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Story structure in Harry Potter: How Rowling became a billionaire by following the rules. (Pt I)

Well worth a read…..

Write Like Rowling

Photo by Ratta Pak @ 500px / CC BY 3.0

I know I haven’t written anything specifically about Rowling or her books for a while so I decided it was time to return to my blog roots with this post.

Rowling’s Harry Potter books were considered groundbreaking in many ways – their length for YA fiction, their depth of character, their intensely intricate plots and fantastic settings – but that’s only the icing on the cake. It was essentially because Rowling understood and followed some basic novel guidelines that the unique elements of her series were able to shine through.

Before I read the book Story Engineering by Larry Brooks, I thought that published authors were somehow above us mere mortals – like they lived on clouds filled with bottomless writing ideas and jumped from one to the next on their winged unicorns . . . or something. I thought that either you…

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Before you spend money on publishing services, read this

Well worth a read.

Nail Your Novel

old ropeAs indies get ever more professional, an entire service industry is springing up to offer us services for every occasion. At this year’s London Book Fair, the Authors’ Lounge was heaving with suppliers, and no shortage of willing customers. While it’s great to have access to these, authors are ripe for rip-off.

This week David Gaughran highlighted unscrupulous companies that charge exorbitant prices, or hoodwink authors into paying for services that could be obtained for very little or no cost.

So this post is a self-publishing 101; a catch-up for those who are wondering what they need to spend money on. In some cases, knowledge is the answer; all books, authors and genres are different, and one supplier does not fit all.

It’s virtually impossible to publish a book without any expenditure, but we can make sure we use our budgets wisely – and stop writers filling the pockets of…

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Updates…

*blows cobwebs from around the place and dusts off the desk*

It’s been a while but I’m really going to try and get this thing up and running….again.  I’m going to start with some updates and then the  interview series, 5 Questions For….., will be starting again next week.

First off: A couple of weeks ago Thrillers, Killers ‘n’ Chillers closed its door after almost 5 years.  There’s a post here explaining everything.  It was a sad day but from sad news comes good news.  I’ve started a new ‘TKnC‘ magazine, THRILLS, KILLS ‘n’ CHAOS.

TKnC-Header-1

Check out the Submission Guidelines page for full details.  The 1st story went up last night – GREEN GREEN GRASS by Matt Hilton.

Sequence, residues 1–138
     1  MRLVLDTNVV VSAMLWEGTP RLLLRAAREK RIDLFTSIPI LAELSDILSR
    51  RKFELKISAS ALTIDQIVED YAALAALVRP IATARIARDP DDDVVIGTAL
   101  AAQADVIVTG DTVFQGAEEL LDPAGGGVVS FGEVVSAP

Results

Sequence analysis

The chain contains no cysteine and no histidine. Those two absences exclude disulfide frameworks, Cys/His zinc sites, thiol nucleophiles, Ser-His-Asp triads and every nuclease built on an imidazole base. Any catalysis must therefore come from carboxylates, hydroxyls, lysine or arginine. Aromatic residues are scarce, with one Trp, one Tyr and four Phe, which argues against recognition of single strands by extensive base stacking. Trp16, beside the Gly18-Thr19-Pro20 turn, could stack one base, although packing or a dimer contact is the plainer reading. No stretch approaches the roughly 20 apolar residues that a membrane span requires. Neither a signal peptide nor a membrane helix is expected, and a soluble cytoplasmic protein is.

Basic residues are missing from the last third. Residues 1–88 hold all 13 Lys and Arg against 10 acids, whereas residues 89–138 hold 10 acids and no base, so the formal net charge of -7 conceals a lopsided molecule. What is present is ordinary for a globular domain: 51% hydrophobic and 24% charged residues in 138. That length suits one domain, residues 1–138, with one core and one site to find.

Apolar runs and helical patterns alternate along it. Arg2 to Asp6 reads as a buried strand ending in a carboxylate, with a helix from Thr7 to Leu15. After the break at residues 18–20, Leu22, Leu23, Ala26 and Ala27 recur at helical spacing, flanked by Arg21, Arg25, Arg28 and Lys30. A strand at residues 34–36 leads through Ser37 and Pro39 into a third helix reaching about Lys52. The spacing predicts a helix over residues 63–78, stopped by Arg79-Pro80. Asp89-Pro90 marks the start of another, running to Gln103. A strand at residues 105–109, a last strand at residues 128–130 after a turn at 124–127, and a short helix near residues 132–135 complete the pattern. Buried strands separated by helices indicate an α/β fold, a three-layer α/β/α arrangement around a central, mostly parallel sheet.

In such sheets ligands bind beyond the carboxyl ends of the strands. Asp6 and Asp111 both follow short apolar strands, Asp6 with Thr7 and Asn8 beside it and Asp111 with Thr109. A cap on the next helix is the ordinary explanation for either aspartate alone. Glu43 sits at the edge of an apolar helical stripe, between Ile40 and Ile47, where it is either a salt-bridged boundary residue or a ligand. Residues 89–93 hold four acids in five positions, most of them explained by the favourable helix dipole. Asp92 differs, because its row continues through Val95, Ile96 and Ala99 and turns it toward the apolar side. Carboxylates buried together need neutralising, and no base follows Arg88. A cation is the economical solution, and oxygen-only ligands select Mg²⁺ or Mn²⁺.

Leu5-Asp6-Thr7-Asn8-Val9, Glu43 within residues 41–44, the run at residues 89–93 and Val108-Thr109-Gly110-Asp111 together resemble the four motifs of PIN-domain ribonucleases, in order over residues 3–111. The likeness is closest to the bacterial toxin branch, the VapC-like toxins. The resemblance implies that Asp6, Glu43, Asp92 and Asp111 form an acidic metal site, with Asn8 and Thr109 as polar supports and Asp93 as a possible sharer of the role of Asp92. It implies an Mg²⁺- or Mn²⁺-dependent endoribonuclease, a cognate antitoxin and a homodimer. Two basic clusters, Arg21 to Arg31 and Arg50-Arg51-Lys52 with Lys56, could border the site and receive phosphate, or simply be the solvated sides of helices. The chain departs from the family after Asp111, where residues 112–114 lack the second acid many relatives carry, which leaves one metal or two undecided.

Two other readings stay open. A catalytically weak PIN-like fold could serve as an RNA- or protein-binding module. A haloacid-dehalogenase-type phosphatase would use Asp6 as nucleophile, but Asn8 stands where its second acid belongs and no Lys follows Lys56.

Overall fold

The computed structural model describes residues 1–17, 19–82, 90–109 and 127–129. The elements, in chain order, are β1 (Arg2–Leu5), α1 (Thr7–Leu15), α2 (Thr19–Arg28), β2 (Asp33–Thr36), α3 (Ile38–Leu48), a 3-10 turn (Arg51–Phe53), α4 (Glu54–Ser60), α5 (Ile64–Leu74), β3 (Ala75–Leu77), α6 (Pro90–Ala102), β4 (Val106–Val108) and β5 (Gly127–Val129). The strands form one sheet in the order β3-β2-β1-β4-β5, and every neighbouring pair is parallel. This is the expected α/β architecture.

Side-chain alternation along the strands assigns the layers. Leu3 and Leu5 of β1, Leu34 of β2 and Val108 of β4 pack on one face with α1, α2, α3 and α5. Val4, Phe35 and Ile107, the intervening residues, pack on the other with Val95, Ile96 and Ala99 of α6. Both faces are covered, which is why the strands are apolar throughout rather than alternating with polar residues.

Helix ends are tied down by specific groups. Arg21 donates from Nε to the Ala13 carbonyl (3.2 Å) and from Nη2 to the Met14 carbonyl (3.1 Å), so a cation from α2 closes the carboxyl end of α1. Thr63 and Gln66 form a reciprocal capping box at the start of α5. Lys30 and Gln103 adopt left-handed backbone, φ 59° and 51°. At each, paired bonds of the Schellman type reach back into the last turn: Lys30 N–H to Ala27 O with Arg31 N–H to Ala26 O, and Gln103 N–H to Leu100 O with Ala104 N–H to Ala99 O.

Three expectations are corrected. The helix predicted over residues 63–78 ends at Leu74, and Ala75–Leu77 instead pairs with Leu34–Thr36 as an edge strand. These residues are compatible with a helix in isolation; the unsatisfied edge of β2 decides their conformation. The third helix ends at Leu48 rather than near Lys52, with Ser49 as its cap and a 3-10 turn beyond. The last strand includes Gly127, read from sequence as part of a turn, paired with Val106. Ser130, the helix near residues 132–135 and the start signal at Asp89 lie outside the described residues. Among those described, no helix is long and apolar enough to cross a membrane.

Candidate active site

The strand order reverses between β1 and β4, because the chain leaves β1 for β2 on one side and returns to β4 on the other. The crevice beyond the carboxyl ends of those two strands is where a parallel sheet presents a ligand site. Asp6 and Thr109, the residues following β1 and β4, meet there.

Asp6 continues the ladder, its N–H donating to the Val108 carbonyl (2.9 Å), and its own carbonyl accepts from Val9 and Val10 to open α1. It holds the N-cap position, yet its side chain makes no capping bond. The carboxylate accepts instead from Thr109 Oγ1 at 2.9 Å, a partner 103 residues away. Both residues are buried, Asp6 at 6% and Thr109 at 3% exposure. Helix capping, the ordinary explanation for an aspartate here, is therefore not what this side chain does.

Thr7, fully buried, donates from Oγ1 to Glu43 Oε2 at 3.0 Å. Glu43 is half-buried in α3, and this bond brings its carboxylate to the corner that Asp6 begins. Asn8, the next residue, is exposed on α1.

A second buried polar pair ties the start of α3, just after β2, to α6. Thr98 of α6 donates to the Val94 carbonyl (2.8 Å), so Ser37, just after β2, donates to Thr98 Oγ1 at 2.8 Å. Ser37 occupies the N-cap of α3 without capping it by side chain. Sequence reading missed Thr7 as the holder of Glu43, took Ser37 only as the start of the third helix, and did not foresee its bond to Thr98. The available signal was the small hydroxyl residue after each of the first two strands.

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On the subject of Matt Hilton, he’s currently giving away a short story collection.  ONE TWISTED VOICE is FREE here!

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My Manc’ mate, Col Bury, has got a new short story collection available.  THE COPS OF MANCHETSER is hard hitting and gritty and available here.

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Hull writer, Darren Sant has a new collection of gritty stories in his latest TALES FROM THE LONGCROFT series and is available here.

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Top writer and all-round-great-guy Paul D. Brazill, who relentlessly promotes others has numerous books out and they’re all available at his author page here.

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Good mate Graham Smith has been posting some great interviews and interesting articles just lately.  Check out his blog here, and while you’re there check out the links to his short story collections.  You’d be a fool not to.

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That’s it for now.  Next update will be aimed at my American and Canadian friends.

Thanks for stopping by.

Cheers!

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I will make it to one of these in the not too distant future.

Thomas Pluck

After reading at Noir at the Bar NYC, Firecracker and I went out for burgers with friends Paula Pahnke (a writer whose work appears in the Lost Children anthology) and her man Dennis. Paula led us through the freezing cold to Cozy Soup ‘n Burger on Broadway, a diner institution offering much more than burgers and soup. We all had burgers. But first things first… here is the greatest shirt in creation. Photo by Glenn Gray. I reviewed Giovanni’s a while back. They make-a nice sangweech, paisans.

provolones

They make a good burger but they overcook it a bit. Not competition for Krug’s, but this is a top tier diner burger.  I had the Santorini Burger- spinach and feta on an English Muffin- with purloined avocado and onion ring added.

cozy burger

Noir at the Bar was a blast again. Thanks to Glenn Gray and “Big Daddy Thug” Todd Robinson for having me…

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Short Movie Review – Jack Reacher.

 

Jack-Reacher-2012-Hollywood-Movie-Watch-OnlineHaving never read a Lee Child novel I was able to walk into the cinema and watch the movie with an open mind.  Don’t get me wrong, I’d read the hype and all the stories that Child had sold out as Jack Reacher is supposed to be a 6’5” man-mountain of pure muscle.  The thing is, Tom Cruise has that screen presence and acting ability to be able to pull the character off.  And he does.